If you scratched your head and were a bit perplexed as to the right answer, I can understand why.  All the above are good options.  I take my guests food habits into consideration.  You should know if this is a chocoholic crowd or one that likes to finish with fresh fruit.  If your guests are a bit adventurous, dessert is a good time to throw something new in the mix.  You can make almost any baked good ahead of time, freeze it and if it doesn’t turn out (literally, if it’s stuck to the pan and doesn’t turn out), you most likely have several other desserts to rely on.  But most of all, keep dessert simple.  A good meal should be punctuated by a good dessert not ruined by an overly heavy one.

5. Inevitably you have leftovers, you couldn’t resist making that brisket or an extra roast chicken.  The roast beef leaves you with a few choice slices, you….

A) Invite everyone back for another meal

B) Settle into your food coma and avoid the kitchen

C) Use the leftovers in creative ways

If you answered (A), you should seek medical counseling, if (B) was your answer, you are not alone.  But I prefer (C) as the right answer.  Leftover brisket can be shredded and added to a meatloaf mix, tomorrow’s meatballs or a great chili.  Leftover chicken pairs so nicely with tarragon, mayo and green grapes for a light salad and leftover roast beef can be chopped finely and made into a fabulous hash.

I like to call leftovers Bonus Meat, so use them wisely and enjoy the holiday meal again and again.

On a serious note, we welcome the New Year with great anticipation and hope.  We look for a year of miracles for ourselves, our family and our global community.  We pray for sound leadership, wise choices and the blessing of good health.  For me, for the past few years our New Year always begins with our sharing a story from my first book, Recipes Remembered, a Celebration of Survival.  We read about a Holocaust survivor who shared their story and recipe with me.  We then enjoy their cherished dish that nourished and nurtured their family for generations.  This is our way of honoring this remarkable community and preserving food memory.  I would encourage you to do the same.  The book is available through the Museum of Jewish Heritage who benefits from ALL proceeds.  It is also available on line from Amazon and most major booksellers. Recipes Remembered is a perfect example of how to Eat Well-Do Good.

L’Shana Tovah
June Hersh
AKA The Kosher Carnivore

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Why a Kosher Chicken says Pluck, Pluck
Instead of Cluck, Cluck


Q: What is the easiest way to defeather chicken? Jennifer Pearlman 

A: There are several not so paltry facts about kosher poultry. The most important is, it tastes better.  That’s not just my opinion, but the opinion of an independent taste comparison conducted by America’s Test Kitchen.  This is great news for those who choose kosher chickens as they start with a drumstick up. The reason is simple. Kosher chicken is essentially brined from the kashering process.

A chicken isn’t born Jewish, it is made kosher by how it is handled. After it is slaughtered according to kosher guidelines, the bird is plunged into a cold bath, salted and soaked again. While this might be refreshing on a hot afternoon at a day spa, it has one obvious problem. Working with our spa metaphor, just as a good facial is preceded by a steaming, to open your pores, non kosher chickens take a warm water bath to open theirs. This makes for easy plucking and an efficient removal of the feathers. But, because kosher chickens go for a cold–water plunge, their pores remain closed and their feathers are harder to pluck. The result is a tastier, healthier kosher bird in dyer need of electrolysis.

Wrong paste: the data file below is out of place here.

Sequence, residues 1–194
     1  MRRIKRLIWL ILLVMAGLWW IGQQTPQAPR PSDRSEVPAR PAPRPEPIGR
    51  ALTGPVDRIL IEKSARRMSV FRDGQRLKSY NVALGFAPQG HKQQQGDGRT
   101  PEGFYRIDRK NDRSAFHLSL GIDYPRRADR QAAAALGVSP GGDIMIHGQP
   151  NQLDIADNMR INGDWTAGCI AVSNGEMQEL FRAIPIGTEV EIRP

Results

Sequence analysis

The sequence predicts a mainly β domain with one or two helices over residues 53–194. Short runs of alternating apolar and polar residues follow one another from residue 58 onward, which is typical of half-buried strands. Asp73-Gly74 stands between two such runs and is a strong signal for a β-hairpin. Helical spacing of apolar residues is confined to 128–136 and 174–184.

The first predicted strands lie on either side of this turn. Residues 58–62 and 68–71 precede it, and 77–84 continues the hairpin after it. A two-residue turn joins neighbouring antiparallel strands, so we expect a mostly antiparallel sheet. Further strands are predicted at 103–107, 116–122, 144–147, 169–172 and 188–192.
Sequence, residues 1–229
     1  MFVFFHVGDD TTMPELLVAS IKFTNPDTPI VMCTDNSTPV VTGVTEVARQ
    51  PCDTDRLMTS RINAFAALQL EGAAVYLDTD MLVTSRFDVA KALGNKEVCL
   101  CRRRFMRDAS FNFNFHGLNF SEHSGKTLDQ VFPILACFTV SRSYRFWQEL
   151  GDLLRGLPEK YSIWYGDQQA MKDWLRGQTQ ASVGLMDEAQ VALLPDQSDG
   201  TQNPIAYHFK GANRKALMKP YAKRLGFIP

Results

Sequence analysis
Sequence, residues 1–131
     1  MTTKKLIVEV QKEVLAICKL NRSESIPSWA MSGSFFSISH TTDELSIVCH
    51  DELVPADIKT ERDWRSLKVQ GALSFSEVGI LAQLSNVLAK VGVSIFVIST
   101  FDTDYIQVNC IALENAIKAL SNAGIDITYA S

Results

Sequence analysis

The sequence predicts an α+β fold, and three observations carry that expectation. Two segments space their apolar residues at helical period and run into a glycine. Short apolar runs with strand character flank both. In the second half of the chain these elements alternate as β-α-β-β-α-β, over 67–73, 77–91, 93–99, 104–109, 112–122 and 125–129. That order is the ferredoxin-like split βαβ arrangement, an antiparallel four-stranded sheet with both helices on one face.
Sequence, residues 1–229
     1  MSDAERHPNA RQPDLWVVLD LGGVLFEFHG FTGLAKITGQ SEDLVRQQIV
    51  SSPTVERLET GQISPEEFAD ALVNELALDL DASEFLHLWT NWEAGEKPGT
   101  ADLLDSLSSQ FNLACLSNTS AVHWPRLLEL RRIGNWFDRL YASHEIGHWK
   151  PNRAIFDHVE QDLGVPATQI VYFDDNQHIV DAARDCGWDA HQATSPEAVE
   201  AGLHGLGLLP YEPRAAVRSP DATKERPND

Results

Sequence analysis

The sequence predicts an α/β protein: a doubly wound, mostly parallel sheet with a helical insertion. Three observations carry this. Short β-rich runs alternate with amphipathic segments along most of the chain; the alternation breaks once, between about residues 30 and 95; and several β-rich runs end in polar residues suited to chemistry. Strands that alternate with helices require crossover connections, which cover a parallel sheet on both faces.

This is where your kitchen tweezers come in very handy. You should invest in a pair to have on hand in your gadget drawer for plucking feathers and deboning fish. Your urge will be to place the chicken in warm water to make the plucking easier; I am begging not to do that.  First of all, the USDA strictly warns against rinsing a chicken after you bring it home. The fear is the bird will contaminate your sink and surroundings and the rinse you give it will do little to make the bird any cleaner. I agree with this edict for both practical and culinary reasons.  A dry bird yields a crisper skin and a tastier less water logged chicken.

Upon getting it home, I carefully unwrap my bird and dry it off with paper towels. I then get out my tweezers and I pluck. It takes just a matter of minutes to go from unsightly feathers to clean–shaven.  I then place my bird on a plate and put it in the fridge – uncovered.  The rest in the fridge gives the bird a chance to dry out.  Be careful it does not come in contact with anything else.  Take your bird out when you preheat your oven and prepare it according to your favorite recipe. The Kosher Carnivore has many great ones to choose from; arroz con pollo to a Moroccan version. But, nearly every week I make a perfectly roasted chicken sprinkled simply with Kosher salt and black pepper, garlic powder and Hungarian paprika for both color and flavor.  A good squeeze of lemon (then toss the lemon into the pan) and some unpeeled garlic cloves scattered in the pan complete the prep.  Add some chicken stock or water during the roasting process to help encourage a pan sauce. Roast your bird at 425 degrees for 1–1 1/4 hours.  Remove the bird from the oven and let it rest, make a gravy from the pan juices and serve.

Enjoy your feather free bird with its crispy skin and juicy meat and don’t forget to invest in a good pair of kitchen tweezers, they will become your chicken’s best friend.